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USA: Legal concern/Fear of torture/Health concern: Fawaz Naman Hamoud Abdullah Mahdi

PUBLIC AI Index: AMR 51/193/2005
25 November 2005

UA 297/05 Legal concern/Fear of torture/Health concern

USA Fawaz Naman Hamoud Abdullah Mahdi (m), Saudi Arabian national

Saudi Arabian national Fawaz Mahdi, who is held virtually incommunicado at the
US naval base at Guantánamo, is now known to be suffering severe psychological
problems, for which he is not receiving adequate treatment.

A Yemeni national held in Guantánamo, who was recently handed over to the
Yemeni authorities, has told Amnesty International that Fawaz Mahdi is
suffering from severe psychological problems and is regularly subjected to
punishment without any consideration of his mental state. Fawaz Mahdi’s lawyer
has confirmed to Amnesty International that her client has had severe
psychological problems since before he was detained.

Fawaz Mahdi has now been held without charge or trial and virtually
incommunicado with no direct access to independent medical experts or direct
access to his family for nearly four years. He has only recently had access to
a lawyer. Amnesty International is concerned that his mental health is likely
to have deteriorated severely in these conditions, and that he may not be
receiving appropriate medical care. He is also at risk of torture or
ill-treatment at Guantánamo.

Fawaz Mahdi was captured in Afghanistan in 2001. At a hearing before the
Combatant Status Review Tribunal (CSRT) he admitted to training to fight US
forces in Afghanistan. According to now-declassified documents, he also
admitted to turning himself in, along with his weapon, to US-aligned Northern
Alliance forces while he was fighting with the forces of the then-ruling
Taliban in Afghanistan.

Before the CSRT hearings began, the CSRT panel itself raised the issue of Fawaz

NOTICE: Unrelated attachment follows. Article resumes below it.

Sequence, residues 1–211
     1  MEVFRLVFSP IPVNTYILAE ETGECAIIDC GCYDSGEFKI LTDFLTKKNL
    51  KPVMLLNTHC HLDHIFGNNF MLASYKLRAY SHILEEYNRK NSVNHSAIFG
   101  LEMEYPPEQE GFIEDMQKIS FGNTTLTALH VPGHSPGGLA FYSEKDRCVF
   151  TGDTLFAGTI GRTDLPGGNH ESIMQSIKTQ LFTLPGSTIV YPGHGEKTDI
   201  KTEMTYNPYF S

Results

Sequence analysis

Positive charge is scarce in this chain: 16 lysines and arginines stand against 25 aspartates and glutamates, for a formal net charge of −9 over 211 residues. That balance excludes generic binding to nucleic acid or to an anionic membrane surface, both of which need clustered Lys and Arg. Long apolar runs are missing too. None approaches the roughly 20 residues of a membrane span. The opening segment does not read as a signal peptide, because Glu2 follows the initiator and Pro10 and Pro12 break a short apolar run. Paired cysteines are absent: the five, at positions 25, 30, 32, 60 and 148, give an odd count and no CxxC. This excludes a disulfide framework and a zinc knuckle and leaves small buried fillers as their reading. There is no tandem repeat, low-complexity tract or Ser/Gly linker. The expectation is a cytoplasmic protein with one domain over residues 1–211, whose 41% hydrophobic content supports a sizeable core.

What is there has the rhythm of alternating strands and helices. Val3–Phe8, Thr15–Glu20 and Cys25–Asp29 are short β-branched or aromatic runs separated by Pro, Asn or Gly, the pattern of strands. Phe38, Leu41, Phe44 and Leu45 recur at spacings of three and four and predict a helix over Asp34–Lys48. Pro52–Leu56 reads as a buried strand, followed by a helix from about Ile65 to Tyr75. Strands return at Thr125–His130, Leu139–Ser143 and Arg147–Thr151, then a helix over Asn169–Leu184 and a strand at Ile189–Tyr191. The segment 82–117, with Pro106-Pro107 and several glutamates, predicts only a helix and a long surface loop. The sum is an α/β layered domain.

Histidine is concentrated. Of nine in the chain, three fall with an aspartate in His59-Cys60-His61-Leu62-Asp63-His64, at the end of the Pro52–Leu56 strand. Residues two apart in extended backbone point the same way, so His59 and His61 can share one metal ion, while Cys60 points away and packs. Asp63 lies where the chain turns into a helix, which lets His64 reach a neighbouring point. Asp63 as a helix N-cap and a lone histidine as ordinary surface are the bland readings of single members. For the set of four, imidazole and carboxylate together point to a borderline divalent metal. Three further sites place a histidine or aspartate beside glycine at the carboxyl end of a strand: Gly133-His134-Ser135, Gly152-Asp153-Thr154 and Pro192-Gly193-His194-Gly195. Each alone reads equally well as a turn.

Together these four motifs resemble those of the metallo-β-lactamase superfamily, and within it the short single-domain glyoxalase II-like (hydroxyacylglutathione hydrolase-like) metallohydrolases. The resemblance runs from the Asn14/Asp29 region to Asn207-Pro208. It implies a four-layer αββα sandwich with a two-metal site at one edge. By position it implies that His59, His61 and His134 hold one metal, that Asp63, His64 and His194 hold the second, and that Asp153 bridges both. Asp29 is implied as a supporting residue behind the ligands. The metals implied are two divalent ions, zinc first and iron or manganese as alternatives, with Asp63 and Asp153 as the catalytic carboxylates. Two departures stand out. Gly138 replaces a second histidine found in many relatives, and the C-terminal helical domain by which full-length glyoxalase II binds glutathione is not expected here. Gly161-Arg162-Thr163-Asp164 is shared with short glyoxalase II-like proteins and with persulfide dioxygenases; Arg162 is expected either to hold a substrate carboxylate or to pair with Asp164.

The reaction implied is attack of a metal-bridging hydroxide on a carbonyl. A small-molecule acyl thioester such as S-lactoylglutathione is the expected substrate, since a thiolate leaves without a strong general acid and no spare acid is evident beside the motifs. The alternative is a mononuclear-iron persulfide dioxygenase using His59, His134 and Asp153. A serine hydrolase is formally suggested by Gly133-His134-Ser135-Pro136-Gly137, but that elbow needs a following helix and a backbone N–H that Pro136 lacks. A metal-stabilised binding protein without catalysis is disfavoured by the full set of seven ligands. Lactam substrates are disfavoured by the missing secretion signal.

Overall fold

Mahdi’s mental capacity to participate. The panel determined that he was
mentally capable of participating. Having reviewed two psychiatric
examinations, the panel also found that "While these were persuasive in
advancing the notion that the detainee suffers from a form of mental illness,
they were not persuasive as to whether the detainee had acted as an Enemy
Combatant". The panel also noted that two documents presented as evidence
stated that information offered by the detainee should be considered "highly
unreliable" and that "there may be nuggets of vitally useful information buried
[beneath] the mountain of psychiatric nonsense."

Fawzi Mahdi submitted a statement to the CSRT panel which was read out by his
personal representative. Excerpts from the statement are transcribed in the
decision as follows:

"I Fawaz want you to know he did not know the meaning of Al Quieda…I accused
myself in front of the interrogators of many things to hasten my assumed
execution rather than going to prison…I did not want to fight at all…I was
there because I was told only the Jihad places had magic things inside…But my
friends and the Mullah told me to fight. I tried to pray to the Koran, to
cleanse my soul. I had to fight Jihad as a last resort to cleanse my soul…I was
told I have magic disease…I went to the hospital…I experience some
psychological problems while I was in the hospital."

The CSRT panel determined that Fawaz Mahdi was properly classified as an "enemy
combatant" on the basis of his statement even though they recognized his mental
health problems. The panel determined that he should remain detained at
Guantánamo Bay indefinitely.

Amnesty International has dismissed the CSRT process as beyond any
internationally recognized legal procedures. It is a purely administrative
process which disregards international law. It consists of panels of three
military officers whose sole purpose is to confirm or reject each detainee’s
status as a so-called "enemy combatant". The CSRT process places the burden on
the detainee to disprove his "enemy combatant" status. The detainee does not
have access to legal counsel or to secret evidence. Many detainees have chosen
not to attend the CSRT proceedings against them.

 

      

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